Sunday, February 04, 2007

NEO FUTURIST OVERLOAD: Too Much Light Makes The Baby Go Blind and Apocalypse Neo

I say overload because it makes for a good title, but you can't get too much of a good thing. I'm glad that I'm no longer a TMLMTBGB virgin, and that my eyes are open wide to the aesthetic appeal of the "deny nothing" art form that is Neo-Futurism. Well, to be perfectly honest, you need to experience TMLMTBGB. Thirty plays in sixty minutes is a unique viewing experience on its own, but this is a talented ensemble, an energetic series of shows, and ultimately an entire season of Saturday Night Live on crack. There's political expressionism, avant-garde imagery, slapstick, straight-stick (it's hard to just call it drama, given the conceit), interpretive dance, movement pieces, narratives, monologues, spoofs... the list goes on, and while some of the themes may repeat, the visual performances of them continue to change. While this week's eclectic collection didn't demand as much from the audiences as I'd heard (rumors of buzz-cuts, beer-chugging, and make-out sessions abound), 11 of the 30 plays next week will be all new (determined, like the ticket price, by the roll of a die), so unlike other cult amusements like Rocky Horror, this is the gift that literally keeps giving. [Read on]

Apocalypse Neo, on the other hand, is a "prime-time production," which means that the works are less frantic and more paced. The advantage of TMLMTBGB is that when it misses, it only misses for a few minutes. With Apocalypse Neo's "In which the end of the world...," a "debate" between whether or not the Apocalypse will occur in our lifetime, we've got a winner. The action is clear-cut, comedic (yet poignant), and hey, there's popcorn too. The other two segments aren't quite as strong, depending on your tastes: "Revelations of a City of Us" is a pop-culture story about recreating society, made the more interesting by their appropriation of the audience's coats, shoes, and persons, and the use of lighting is intriguing. But the show itself is a little threadbare. "Monkeyland II (anatk 21.10)" is a satire of biblical proportions that mocks the very things that we put faith in, by comparing them with a cult of toy-monkey worshippers. Again, interesting, but so vague and confusing that I'm not as engaged here as with the ADD antics of TMLMTBGB. Still, Apocalypse Neo ends on the 10th, while TMLMTBGB has a continuing run late Friday and Saturday nights at the Kraine, so you might want to catch their prime-time work before it vanishes, and then just stick around for TMLMTBGB. [Read on]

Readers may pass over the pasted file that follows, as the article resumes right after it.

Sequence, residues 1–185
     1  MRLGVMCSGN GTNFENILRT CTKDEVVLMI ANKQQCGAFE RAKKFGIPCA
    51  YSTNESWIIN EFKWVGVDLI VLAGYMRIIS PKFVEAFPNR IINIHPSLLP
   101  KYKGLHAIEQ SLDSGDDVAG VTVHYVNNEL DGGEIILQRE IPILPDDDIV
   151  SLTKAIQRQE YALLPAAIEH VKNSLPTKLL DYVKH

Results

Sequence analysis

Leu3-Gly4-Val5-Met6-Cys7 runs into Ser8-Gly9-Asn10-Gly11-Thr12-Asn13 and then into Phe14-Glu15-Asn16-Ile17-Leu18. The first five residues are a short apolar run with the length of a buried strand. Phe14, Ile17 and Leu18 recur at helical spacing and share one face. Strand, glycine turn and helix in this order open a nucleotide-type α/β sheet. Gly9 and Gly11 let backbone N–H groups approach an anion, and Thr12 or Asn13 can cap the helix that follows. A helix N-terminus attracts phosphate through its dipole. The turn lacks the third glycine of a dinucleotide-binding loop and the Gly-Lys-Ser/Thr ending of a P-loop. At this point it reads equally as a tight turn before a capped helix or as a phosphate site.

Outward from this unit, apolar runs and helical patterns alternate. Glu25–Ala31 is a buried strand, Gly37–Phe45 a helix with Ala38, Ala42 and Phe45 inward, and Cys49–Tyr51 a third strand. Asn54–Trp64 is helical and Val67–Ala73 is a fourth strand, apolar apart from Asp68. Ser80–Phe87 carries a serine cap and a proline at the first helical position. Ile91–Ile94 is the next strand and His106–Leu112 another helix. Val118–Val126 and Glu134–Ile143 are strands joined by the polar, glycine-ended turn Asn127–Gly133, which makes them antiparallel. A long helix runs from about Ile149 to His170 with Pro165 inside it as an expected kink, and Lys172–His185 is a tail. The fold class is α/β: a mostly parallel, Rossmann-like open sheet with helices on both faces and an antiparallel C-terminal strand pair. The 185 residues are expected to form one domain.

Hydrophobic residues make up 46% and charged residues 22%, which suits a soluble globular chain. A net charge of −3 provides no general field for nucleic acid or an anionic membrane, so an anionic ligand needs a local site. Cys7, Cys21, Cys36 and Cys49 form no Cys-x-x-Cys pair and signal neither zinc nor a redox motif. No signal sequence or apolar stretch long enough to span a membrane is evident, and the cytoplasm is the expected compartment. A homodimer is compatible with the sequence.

Christopher said...

I'm glad you discovered "Too Much Light..." I first saw the show when the Neo-Futurists were doing it in Chicago in 1996. Eleven years later and it's still going strong... I'll defintely put it on my schedule.

andor said...

The NY Neo-Futurists are amazing - anybody having anything to do with theater need to check them out.